Trumbull GOP cries foul on diversity task force nominations

TRUMBULL — A Town Council task force intended to provide a forum for diverse viewpoints is once again drawing the ire of council Republicans, this time over a plan to have a volunteer committee screen potential applicants.

In a written statement issued June 14, the council’s Republican contingent — Minority Leader Carl Massaro, Deputy Leader Lori Rosasco-Schwartz, Steve Lemoine, Tony Scinto and Donna Seidell — criticized the Equity, Diversity and Inclusion Task Force, citing a lack of results from the group, which the council formed in July 2020 and seated its eight volunteer members in September.

“As we approach the one-year anniversary of the Town Council creation of the Equity, Diversity and Inclusion Task Force (EDIT), there is nothing to show for it,” the GOP contingent wrote in a statement signed by all five members.

Council Democrats replied to the criticism by criticizing Republicans’ lack of participation with the task force.

“EDIT wasn’t receiving participation from the Republican caucus since its inception,” said Majority Leader Jason Marsh at the council’s April 5 meeting when Republicans raised similar complaints about the committee’s perceived lack of results and lack of GOP representation. “If you want to have a voice in the committee, participate. You haven’t done it. To sit here and say the committee wasn’t doing its job is very disingenuous and frankly insulting to the members who gave their time.”

The council is currently in the process of naming new task force members. The group has four vacancies after half the members quit earlier this year after controversy arose over a social media post by the committee’s chairwoman. The rancor around the post caused the committee to pause its work in January.

Over the past weeks, the Republicans have protested council chairwoman Dawn Cantafio’s decision to appoint a committee to screen potential replacement members.

“This will prevent the public and Town Council from ever having the chance to see all of these candidates for themselves,” they wrote. “What are the Democrats afraid of — that some members may offer perspectives that differ from their pre-determined agenda?”

Cantafio said the process to select candidates would be the same as it was when the task force originally formed — nominees would be screened by a committee before being forwarded along to a council subcommittee, then voted on by the full council.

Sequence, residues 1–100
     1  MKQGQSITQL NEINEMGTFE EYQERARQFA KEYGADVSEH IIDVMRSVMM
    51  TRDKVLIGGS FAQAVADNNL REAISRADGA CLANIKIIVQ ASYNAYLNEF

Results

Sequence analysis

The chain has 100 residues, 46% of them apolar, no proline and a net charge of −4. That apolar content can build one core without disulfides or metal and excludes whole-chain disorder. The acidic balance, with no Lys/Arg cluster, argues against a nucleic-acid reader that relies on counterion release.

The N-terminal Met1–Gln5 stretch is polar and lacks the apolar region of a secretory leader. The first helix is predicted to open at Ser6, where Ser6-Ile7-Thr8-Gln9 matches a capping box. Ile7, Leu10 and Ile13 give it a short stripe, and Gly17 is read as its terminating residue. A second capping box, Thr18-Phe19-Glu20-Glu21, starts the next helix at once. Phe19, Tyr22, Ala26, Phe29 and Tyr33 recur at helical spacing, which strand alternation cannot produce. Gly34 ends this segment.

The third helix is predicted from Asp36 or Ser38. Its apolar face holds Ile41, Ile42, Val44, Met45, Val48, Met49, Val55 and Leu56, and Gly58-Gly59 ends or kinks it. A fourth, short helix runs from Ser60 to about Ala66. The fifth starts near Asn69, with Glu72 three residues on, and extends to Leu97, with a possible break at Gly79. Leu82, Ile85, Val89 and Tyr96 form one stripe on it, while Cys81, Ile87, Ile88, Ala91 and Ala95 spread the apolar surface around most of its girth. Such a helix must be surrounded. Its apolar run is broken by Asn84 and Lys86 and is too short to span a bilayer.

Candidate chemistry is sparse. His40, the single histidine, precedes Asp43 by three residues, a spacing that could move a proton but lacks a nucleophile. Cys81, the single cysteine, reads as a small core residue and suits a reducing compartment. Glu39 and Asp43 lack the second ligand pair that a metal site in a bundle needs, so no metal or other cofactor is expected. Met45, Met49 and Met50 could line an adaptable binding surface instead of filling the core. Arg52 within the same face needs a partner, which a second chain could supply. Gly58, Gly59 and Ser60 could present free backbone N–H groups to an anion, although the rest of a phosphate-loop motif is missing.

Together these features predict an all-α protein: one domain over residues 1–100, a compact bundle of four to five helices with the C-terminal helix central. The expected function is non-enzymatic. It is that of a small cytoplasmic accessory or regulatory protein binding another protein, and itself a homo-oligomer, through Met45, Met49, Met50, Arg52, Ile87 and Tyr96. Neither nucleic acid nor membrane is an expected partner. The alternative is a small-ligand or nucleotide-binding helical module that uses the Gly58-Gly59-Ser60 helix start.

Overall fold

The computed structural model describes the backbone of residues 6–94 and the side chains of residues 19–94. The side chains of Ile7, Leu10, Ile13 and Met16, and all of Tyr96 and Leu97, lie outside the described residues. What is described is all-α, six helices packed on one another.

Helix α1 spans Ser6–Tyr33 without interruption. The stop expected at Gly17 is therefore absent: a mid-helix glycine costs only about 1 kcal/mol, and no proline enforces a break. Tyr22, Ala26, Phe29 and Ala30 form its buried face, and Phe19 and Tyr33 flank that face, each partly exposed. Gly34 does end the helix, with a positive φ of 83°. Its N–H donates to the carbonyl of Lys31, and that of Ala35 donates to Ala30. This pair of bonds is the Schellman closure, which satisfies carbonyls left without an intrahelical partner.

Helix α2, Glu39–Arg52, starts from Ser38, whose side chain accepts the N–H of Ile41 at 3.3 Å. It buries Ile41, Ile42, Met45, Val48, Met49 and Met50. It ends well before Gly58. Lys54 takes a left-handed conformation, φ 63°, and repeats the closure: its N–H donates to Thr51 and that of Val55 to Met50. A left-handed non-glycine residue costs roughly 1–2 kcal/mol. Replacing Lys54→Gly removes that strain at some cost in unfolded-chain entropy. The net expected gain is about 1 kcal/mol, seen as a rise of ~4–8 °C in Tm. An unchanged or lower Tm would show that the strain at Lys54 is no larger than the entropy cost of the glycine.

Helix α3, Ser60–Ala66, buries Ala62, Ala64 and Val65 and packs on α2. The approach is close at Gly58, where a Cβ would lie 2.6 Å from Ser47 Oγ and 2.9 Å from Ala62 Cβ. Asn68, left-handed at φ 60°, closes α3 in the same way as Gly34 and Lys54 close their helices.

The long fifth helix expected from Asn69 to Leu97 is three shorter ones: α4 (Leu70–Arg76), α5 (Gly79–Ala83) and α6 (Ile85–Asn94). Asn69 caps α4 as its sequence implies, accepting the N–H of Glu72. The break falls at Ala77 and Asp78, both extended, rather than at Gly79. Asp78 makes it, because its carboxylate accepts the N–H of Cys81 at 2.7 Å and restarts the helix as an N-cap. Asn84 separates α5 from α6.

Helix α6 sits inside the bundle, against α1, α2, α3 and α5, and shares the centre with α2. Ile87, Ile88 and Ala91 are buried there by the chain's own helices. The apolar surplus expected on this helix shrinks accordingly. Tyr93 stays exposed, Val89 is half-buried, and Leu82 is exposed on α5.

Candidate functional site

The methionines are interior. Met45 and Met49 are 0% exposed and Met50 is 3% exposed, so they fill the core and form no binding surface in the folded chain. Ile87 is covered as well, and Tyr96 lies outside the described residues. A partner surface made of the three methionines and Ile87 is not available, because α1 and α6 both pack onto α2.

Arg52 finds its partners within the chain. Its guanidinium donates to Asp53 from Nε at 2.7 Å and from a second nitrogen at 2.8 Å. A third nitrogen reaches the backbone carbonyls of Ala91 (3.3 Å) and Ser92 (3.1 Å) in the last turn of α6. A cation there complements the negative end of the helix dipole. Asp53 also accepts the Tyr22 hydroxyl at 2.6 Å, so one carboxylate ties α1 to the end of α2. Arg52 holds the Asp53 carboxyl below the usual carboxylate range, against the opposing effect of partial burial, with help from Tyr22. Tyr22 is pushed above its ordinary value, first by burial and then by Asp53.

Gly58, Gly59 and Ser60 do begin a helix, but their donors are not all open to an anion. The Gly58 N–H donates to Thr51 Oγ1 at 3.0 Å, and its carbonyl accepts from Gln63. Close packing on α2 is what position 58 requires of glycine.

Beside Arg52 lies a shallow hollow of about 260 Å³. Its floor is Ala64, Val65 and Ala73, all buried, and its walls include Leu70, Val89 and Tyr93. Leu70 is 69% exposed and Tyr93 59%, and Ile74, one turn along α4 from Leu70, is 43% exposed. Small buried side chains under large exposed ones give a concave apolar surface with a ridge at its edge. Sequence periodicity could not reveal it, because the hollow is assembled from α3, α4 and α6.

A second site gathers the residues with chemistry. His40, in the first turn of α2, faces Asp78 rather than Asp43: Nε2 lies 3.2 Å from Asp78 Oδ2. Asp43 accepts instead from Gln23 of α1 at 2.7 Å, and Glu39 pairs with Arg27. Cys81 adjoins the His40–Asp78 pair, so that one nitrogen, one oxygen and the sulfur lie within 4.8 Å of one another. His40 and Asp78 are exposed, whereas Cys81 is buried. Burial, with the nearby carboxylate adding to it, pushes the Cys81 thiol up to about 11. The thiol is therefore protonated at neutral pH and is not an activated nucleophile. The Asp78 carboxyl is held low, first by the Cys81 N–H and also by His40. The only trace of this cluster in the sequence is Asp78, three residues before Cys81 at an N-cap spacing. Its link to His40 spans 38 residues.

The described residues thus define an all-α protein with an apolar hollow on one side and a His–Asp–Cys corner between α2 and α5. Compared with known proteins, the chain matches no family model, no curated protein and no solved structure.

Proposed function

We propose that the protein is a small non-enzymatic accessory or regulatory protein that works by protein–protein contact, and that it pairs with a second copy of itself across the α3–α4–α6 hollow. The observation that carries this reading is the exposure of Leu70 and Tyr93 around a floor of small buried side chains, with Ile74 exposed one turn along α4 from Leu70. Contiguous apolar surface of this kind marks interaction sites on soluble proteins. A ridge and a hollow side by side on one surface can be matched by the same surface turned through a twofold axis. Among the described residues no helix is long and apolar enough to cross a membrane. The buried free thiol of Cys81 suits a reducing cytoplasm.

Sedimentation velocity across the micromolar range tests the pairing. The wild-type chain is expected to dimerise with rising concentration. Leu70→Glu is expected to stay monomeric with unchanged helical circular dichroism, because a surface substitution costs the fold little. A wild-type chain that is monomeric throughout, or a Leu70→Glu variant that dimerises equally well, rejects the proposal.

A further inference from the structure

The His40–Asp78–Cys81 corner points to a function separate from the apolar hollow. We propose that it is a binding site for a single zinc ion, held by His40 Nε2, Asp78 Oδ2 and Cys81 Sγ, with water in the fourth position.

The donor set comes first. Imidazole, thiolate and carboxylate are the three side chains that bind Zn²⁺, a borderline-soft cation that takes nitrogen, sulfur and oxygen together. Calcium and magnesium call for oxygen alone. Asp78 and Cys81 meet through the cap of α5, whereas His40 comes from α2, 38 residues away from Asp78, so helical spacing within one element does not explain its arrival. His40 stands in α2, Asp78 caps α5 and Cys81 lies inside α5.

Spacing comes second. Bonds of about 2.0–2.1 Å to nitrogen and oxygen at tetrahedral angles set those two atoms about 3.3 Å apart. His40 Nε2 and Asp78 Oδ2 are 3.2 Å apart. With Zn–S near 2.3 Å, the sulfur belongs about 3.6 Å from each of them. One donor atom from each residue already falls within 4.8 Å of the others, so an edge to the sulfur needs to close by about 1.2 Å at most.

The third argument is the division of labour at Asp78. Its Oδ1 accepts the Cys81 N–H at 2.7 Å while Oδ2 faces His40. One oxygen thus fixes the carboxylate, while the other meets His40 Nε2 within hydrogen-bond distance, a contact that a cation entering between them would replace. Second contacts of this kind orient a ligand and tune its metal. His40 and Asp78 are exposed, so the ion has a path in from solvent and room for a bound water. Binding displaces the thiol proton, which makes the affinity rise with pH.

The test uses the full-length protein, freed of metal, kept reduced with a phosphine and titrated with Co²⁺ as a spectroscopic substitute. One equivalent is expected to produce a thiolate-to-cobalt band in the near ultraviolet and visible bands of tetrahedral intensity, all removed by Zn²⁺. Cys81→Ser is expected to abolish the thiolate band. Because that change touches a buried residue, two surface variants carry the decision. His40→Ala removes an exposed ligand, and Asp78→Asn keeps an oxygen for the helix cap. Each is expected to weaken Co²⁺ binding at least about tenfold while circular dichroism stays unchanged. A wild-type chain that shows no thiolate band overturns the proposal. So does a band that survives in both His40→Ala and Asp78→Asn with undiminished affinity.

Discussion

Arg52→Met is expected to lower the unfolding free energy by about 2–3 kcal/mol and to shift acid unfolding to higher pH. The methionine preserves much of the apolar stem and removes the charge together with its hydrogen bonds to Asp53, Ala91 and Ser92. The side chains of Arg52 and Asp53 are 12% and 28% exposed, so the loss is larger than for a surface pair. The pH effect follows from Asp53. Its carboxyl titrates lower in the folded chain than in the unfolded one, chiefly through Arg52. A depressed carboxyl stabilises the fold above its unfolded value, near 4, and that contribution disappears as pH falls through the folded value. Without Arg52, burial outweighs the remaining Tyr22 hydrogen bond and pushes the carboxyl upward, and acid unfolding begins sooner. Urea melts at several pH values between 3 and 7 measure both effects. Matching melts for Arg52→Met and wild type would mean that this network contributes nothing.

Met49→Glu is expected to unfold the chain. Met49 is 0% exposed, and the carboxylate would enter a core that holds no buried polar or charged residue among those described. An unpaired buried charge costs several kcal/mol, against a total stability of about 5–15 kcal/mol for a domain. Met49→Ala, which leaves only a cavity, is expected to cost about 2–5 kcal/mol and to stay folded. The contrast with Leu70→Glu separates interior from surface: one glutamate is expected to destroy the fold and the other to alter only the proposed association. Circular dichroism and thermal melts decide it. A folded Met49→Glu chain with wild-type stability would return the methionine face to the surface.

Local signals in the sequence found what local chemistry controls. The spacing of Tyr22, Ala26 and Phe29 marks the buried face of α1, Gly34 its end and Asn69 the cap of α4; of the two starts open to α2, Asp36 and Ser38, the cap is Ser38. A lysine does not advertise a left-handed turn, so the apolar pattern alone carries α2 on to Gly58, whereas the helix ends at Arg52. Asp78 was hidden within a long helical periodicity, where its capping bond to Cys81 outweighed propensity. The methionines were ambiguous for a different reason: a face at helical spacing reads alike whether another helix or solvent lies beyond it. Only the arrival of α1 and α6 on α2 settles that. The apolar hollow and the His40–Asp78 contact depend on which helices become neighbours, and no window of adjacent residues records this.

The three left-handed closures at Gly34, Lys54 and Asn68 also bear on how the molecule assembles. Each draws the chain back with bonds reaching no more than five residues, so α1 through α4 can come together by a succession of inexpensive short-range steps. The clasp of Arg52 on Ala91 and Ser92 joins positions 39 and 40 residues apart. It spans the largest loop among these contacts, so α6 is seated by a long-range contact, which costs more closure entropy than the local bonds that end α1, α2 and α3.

“I’ve reached out to all 10 applicants, and I’m hoping to interview them with a bipartisan group of three people, and then refer candidates to a subcommittee and then to the full council,” she said. “I would like the process to be bipartisan. I’ve reached out to the minority chairman (Massaro) to see if they would like to participate. Ideally, I would like the committee to consist of one (Democrat), one (Republican) and one of the council’s unaffiliated members.”

Cantafio said she hoped to have the final candidates on the council agenda for its August meeting.

“We have a good mix of applicants, and I’m excited to meet with them,” she said. “We have a lot of volunteers interested in serving our community. Depending on everyone’s availability, we’d like to schedule everyone’s interview by August.”

Tara Figueroa, who had been the task force’s chairwoman, lamented the fact that numerous opportunities to have community dialogue had been missed during the months the task force had been paused.

Among the events since January have been the anniversary of George Floyd’s killing, Juneteenth and Pride Month.

“It’s unfortunate we haven’t met since January,” she said.

In July, three juveniles, one 12-year-old and two 15-year-olds, posted a video of themselves with stolen Blue Lives Matter lawn signs. At the insistence of the property owners, the three were arrested on 13 larceny-related charges.

At the time, Figueroa made a comment in a Trumbull social media page offering to replace the Blue Lives Matter signs with Confederate flags.

When Figueroa’s comments resurfaced in a screen capture posted on social media in January, a political firestorm erupted, with the town’s police union, Police Commission Chairman Ray Baldwin and scores of private citizens demanding her ouster from the task force, and others advocating protests at Figueroa’s home and threatening to burn a cross on her lawn.

In the ensuing weeks, four members of the task force resigned, leaving the group without a quorum. After holding four meetings between October and January, the group has not met since.

Schwartz said the GOP problems with the current situation boiled down to three issues — the proposed subcommittee pre-screening applicants out of public view, the drawn-out process of naming replacement members and the council not addressing the task force’s initial shortcomings.

“This whole thing has been one misstep after another,” she said. “We believe the controversy was mishandled. There’s been no apology or public statement or explanation. Now, instead of revisiting the setup of the commission, we’re simply filling vacancies.”